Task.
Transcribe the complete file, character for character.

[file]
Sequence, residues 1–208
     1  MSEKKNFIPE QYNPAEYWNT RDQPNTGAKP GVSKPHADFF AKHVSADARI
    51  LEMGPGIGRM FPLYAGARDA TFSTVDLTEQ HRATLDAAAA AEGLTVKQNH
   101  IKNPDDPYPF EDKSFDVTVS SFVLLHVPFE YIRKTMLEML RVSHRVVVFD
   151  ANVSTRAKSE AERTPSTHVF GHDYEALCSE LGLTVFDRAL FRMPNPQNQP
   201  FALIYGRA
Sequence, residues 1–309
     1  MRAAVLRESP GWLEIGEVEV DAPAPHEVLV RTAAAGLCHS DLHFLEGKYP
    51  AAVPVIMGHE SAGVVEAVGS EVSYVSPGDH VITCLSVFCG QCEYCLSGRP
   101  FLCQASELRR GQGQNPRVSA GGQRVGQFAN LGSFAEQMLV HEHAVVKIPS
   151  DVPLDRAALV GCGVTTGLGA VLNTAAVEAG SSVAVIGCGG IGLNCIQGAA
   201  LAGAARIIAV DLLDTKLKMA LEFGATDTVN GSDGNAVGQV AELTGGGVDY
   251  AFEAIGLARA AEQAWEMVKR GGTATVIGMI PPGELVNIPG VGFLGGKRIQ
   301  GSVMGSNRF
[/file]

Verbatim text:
Sequence, residues 1–208
     1  MSEKKNFIPE QYNPAEYWNT RDQPNTGAKP GVSKPHADFF AKHVSADARI
    51  LEMGPGIGRM FPLYAGARDA TFSTVDLTEQ HRATLDAAAA AEGLTVKQNH
   101  IKNPDDPYPF EDKSFDVTVS SFVLLHVPFE YIRKTMLEML RVSHRVVVFD
   151  ANVSTRAKSE AERTPSTHVF GHDYEALCSE LGLTVFDRAL FRMPNPQNQP
   201  FALIYGRA
Sequence, residues 1–309
     1  MRAAVLRESP GWLEIGEVEV DAPAPHEVLV RTAAAGLCHS DLHFLEGKYP
    51  AAVPVIMGHE SAGVVEAVGS EVSYVSPGDH VITCLSVFCG QCEYCLSGRP
   101  FLCQASELRR GQGQNPRVSA GGQRVGQFAN LGSFAEQMLV HEHAVVKIPS
   151  DVPLDRAALV GCGVTTGLGA VLNTAAVEAG SSVAVIGCGG IGLNCIQGAA
   201  LAGAARIIAV DLLDTKLKMA LEFGATDTVN GSDGNAVGQV AELTGGGVDY
   251  AFEAIGLARA AEQAWEMVKR GGTATVIGMI PPGELVNIPG VGFLGGKRIQ
   301  GSVMGSNRF